Lingwood Common to Blake's Wood

Danbury, Essex

Route details and mapDownload as a print friendly PDF
Parts of St. John the Baptist date from the 15th century © Michael Graham

Parts of St. John the Baptist date from the 15th century

The Polypore Fungus on this Birch Tree has medicinal and other properties © Michael Graham

The Polypore Fungus on this Birch Tree has medicinal and other properties

A typical Lingwood view © Michael Graham

A typical Lingwood view

Time to have a rest! © Michael Graham

Time to have a rest!

Cricketer's Arms for some refreshment © Shepherd Neame

Cricketer's Arms for some refreshment

Route overview

One of three walks linking Danbury and Lingwood Commons and Blakes Wood. Lingwood Common together with Danbury were given to us in 1953 by the Lord of the Manor, Mr. F.B. Plumtree. At that time the Commons were an overgrown mosaic of habitats of different heights and ages: grass, heath, scrub, and scrub-woodland coppice.

Route details

See this step-by-step route marked on a map

Lingwood Common to Blakes Wood Map
  • Directions
  • Route
  • Bus stop
  • Parking
  • Toilet
  • Viewpoint

Start: National Trust Armoury car park, grid ref: TL781044

  1. Starting in front of the NT site office Armoury car park facing the main road, turn right and head down Bicknacre Road to the road junctions. Cross over and turn left into Sporehams Lane. After approximately 15 metres turn right at the footpath sign on the right (FP17).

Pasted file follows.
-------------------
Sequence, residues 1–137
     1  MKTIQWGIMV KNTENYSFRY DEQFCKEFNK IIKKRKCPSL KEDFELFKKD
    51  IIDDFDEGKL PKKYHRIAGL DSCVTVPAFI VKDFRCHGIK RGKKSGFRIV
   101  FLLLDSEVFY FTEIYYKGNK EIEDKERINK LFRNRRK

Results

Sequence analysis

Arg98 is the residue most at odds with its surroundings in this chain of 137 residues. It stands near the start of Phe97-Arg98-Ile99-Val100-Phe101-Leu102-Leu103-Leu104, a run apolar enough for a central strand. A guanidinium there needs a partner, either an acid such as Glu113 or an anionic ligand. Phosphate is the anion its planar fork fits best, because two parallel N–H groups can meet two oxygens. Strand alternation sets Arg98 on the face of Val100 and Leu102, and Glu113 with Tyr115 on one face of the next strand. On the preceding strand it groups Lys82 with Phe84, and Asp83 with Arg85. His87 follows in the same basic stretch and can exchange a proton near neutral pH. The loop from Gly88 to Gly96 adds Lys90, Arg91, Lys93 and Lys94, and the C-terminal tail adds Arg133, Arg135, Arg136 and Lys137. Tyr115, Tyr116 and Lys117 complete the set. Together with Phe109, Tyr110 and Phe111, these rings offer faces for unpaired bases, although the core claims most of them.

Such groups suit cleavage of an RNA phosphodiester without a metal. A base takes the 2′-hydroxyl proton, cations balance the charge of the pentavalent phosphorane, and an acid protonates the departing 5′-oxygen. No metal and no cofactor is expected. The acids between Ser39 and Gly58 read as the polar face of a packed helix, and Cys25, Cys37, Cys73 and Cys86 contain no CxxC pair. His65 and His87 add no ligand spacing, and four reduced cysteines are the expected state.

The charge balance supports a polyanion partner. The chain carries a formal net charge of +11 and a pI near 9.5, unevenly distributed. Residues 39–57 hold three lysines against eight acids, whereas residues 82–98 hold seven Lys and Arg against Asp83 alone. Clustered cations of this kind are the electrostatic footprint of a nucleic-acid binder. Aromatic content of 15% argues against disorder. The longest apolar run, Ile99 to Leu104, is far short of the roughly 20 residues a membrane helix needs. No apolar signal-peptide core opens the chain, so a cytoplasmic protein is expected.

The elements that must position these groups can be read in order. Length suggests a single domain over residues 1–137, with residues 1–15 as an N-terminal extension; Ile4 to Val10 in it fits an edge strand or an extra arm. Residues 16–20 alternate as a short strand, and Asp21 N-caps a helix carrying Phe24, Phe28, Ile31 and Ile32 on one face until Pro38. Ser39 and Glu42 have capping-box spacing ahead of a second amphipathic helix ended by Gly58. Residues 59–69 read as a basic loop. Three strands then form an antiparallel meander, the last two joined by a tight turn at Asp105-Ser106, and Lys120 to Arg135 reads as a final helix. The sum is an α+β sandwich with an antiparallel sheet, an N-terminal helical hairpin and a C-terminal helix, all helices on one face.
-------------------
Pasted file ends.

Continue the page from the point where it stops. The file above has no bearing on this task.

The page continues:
2. Keeping on this footpath, continue until you reach an unmade lane (Fitzwalter Lane). Ensuring you do not exit on to Sporeham's Lane, turn sharp right. The lane now continues to Woodhill Road.

  3. Cross Woodhill Road and follow the path. This section of the path runs between houses. When a junction in the path (with FP16) is reached, take the right hand fork and walk down, with the Parish Church of St John the Baptist on the left.

    Show/HideSt John the Baptist, Danbury

    St John the Baptist is built on a hill top, its spire visible for miles around. Long before there was a church on the site, this vantage point was utilised for a hill fort and parts of these early fortifications can still be traced. Historical accounts of the area refer to the 'Danbury Camp', and archaeology has established that Danbury was occupied at least as early as 500BC. The present tower, spire and nave and vestry date from the 15th century. The church was badly damaged in the Second World War and it took until 1952 for permanent repairs to be carried out. The church was designated Grade 1 listing on 10 April 1967.

    Parts of St. John the Baptist date from the 15th century © Michael Graham
  4. After going past the church, you reach a junction with FP20. Turn sharp left and follow the path down to Main Road (A414). With extreme care (this road is very busy) cross over and after a few yards reach Moorbridge Lane on the left. This is also a public footpath (FP59) but is unsigned as such. This lane is very steep at this point. Now head down for about 200 to 300m and after entering a wooded area (Bellhill Wood) look out for a footpath 'crossroads' and turn right up (FP15) (with close-boarded fence on nearside).

  5. After a few metres you will have arrived in Lingwood Common (look out for the National Trust sign). The management of Lingwood Common is virtually identical to that of Danbury, although presents more of the forest with open glades and stands of mature oak and birch. After crossing two footbridges, continue on until reaching the junction with bridle path 13 and turn left downhill (note this bridle path is not signed as such). If you miss this junction you will arrive at 'The Ridge' in which case you have gone too far, so turn around and make your way back downhill along bridle path no.13.

    Show/HideBirch tree with polypore fungus